The Wrong Missy, the latest offering from Adam Sandler’s Happy Madison Productions, opens with a blind date from hell. Tim (David Spade) has come to a flatly lit bar to meet Missy (Lauren Lapkus). He is a paper-pusher who looks old enough to be her dad. She is a psychopath who carries a giant Bowie knife in her purse and climbs into Tim’s bathroom stall when he tries to make a disastrous escape via a men’s room window. Obviously, it doesn’t work out. Three months later, Tim accidentally swaps bags at an airport with one Melissa Doherty (Molly Sims), a former Miss Maryland who also happens to go by “Missy.” They get to talking. They’re both teetotalers; they’re reading the same James Patterson novel; they both love Phil Collins. They make out in an airport broom closet and exchange numbers.
Tim starts texting Missy when he gets back home. The texts turn explicitly sexual. He invites her to go with him on a company retreat to Hawaii. Of course, we know what’s going on. It’s not the dream Missy that he’s texting but the obnoxious nightmare Missy who happens to be saved in his phone under the same name. And anyone who’s seen one of the lesser Happy Madison titles knows what’s in store: another lousy farce set at a resort. Having bragged to his colleagues about his long-distance girlfriend, Tim decides to pass Missy off as a Georgetown-grad beauty queen. She, in turn, gets black-out drunk, falls off a seaside cliff, rapes him in his sleep, and then tries to patch things up by hypnotizing Tim’s boss (Geoff Pierson) into believing that Tim is his beloved grandmother.
The thing is, this wrong Missy is in fact the right Missy, and all of her terrifying pathologies are actually endearing quirks of a zany, lonely personality that makes for an attractive opposite to the straitlaced Tim. She’s a licensed marriage counselor, hypnotist, and palm reader, and she’s gonna help Tim whether he likes it or not. (At this point, the reader is invited to imagine a gender-flipped version of this scenario, which also involves Tim being led to believe that Missy might kill herself if he tells her off.) There’s precedent for all this in dark screwball comedy—like Elaine May’s A New Leaf, for example—but The Wrong Missy is listlessly indifferent in everything except its adherence to the Happy Madison formula. It has the tropical vacation backdrop, the nonsensical deceptions, the pointless celebrity cameos, the missing limbs, the litany of friends and relations.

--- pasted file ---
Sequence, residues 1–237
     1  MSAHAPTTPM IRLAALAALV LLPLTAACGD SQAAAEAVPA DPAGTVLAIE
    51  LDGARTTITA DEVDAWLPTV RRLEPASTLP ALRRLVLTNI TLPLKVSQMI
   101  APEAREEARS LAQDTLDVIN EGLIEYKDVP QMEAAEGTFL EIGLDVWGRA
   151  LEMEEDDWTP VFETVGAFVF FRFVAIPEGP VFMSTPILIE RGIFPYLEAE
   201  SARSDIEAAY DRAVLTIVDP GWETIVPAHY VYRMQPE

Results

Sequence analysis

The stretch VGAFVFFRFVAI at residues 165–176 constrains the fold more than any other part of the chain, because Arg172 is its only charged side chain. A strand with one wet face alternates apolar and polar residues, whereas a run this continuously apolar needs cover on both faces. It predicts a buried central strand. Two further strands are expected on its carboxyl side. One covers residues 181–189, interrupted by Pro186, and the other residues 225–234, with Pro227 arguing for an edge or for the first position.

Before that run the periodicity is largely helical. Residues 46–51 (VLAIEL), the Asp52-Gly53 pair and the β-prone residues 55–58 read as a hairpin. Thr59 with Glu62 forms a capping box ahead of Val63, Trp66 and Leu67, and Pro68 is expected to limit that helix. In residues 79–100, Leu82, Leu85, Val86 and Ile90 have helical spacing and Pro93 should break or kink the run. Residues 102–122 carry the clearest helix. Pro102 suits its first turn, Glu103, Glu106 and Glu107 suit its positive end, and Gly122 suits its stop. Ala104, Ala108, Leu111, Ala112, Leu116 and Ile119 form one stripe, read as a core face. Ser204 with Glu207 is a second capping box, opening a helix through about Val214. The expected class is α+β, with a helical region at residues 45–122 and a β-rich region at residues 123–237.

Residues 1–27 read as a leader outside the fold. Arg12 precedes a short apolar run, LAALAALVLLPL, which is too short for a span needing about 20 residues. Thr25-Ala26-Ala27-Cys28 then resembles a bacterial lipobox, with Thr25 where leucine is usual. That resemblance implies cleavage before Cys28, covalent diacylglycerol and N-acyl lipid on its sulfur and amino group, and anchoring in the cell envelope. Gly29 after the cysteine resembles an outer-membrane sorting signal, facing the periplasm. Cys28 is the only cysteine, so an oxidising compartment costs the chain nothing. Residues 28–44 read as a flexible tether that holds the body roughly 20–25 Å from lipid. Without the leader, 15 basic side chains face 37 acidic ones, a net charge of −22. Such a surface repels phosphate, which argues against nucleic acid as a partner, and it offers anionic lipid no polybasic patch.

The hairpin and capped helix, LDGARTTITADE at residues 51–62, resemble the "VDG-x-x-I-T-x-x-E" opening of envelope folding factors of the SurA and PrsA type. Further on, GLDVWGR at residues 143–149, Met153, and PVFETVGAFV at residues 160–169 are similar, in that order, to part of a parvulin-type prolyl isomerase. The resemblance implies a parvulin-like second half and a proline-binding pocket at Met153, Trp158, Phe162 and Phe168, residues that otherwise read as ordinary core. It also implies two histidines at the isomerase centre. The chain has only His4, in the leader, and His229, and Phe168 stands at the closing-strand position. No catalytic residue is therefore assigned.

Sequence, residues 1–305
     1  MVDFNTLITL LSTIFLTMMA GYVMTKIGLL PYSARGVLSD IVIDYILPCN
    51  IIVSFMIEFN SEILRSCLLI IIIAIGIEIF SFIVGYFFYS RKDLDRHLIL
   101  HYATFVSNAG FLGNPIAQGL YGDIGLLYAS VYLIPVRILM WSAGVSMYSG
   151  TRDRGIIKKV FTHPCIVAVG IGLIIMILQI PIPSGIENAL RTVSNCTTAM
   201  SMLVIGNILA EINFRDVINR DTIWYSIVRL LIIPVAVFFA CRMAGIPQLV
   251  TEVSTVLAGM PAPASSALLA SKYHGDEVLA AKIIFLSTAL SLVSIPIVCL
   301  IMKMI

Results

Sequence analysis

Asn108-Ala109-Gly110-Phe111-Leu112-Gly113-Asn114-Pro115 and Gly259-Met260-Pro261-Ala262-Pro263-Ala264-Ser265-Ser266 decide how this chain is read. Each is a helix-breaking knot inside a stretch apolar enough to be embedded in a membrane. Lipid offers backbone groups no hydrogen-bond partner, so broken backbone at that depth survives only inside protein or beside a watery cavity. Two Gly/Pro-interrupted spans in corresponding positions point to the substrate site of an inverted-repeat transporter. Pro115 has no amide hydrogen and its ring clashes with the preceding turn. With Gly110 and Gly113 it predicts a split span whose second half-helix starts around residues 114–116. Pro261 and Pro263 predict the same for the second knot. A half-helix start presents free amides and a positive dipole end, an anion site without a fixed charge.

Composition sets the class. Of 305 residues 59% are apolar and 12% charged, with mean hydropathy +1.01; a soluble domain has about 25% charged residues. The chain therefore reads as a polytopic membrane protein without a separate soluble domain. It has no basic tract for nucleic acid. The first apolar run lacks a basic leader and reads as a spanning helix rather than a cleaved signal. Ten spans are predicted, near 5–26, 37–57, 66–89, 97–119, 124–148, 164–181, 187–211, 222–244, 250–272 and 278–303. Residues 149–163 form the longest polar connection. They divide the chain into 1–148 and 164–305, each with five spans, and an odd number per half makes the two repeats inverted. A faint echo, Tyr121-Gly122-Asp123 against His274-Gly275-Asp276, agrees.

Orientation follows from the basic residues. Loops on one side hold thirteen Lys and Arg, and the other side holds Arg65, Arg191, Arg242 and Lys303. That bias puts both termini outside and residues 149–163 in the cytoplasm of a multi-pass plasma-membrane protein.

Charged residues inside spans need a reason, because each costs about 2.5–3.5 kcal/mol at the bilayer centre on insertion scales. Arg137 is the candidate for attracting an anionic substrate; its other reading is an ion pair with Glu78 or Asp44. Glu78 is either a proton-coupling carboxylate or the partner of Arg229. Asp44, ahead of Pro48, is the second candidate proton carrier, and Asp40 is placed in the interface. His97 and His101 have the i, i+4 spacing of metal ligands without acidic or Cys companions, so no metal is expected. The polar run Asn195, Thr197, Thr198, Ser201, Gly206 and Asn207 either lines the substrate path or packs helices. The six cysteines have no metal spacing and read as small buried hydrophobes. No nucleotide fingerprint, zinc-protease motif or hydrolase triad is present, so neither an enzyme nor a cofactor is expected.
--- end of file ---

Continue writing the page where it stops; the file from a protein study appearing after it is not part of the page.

Rob Schneider, a longtime beneficiary of Sandler’s noblesse oblige, is on hand, playing a shark tour guide, as is Nick Swardson, cast as a repellent HR guy. The nepotism is now in its second generation; there are Sandler children and nephews in bit parts and a Schneider offspring on the soundtrack. But one crucial ingredient is missing, and that’s the Sandman himself. The Safdie brothers’ Uncut Gems recently gave him a phenomenal showcase, but the truth is that there’s been an overall uptick in the quality of Sandler’s Netflix vehicles in the past few years, including The Week Of and, to a lesser extent, Murder Mystery—not to mention his terrific performance in Noah Baumbach’s The Meyerowitz Stories (New And Selected). One can’t shake the impression that Spade has been handed his unwanted leftovers. It doesn’t help that he has the screen presence of an unenthused real estate agent.
Tyler Spindel, a Happy Madison veteran, directs The Wrong Missy with all of the worst tendencies of the Sandler shingle style. It’s a series of claustrophobically unfunny scenes that drag on and on, interspersed with establishing shots and music cues that look and sound like they were licensed from a stock library. The closest it gets to being mildly amusing is in an attempted threesome in which Tim and Missy get stoned out of their minds on cannabis-infused toothpaste and keep accidentally knocking the third party off the bed. But the rest is palm trees, hotel décor, and misanthropic improv, filled out to exactly 90 minutes (a contractual obligation, one presumes) by a long corporate talent show sequence in which one can’t be sure whether they’re supposed to be embarrassed for the characters or for the cast and crew.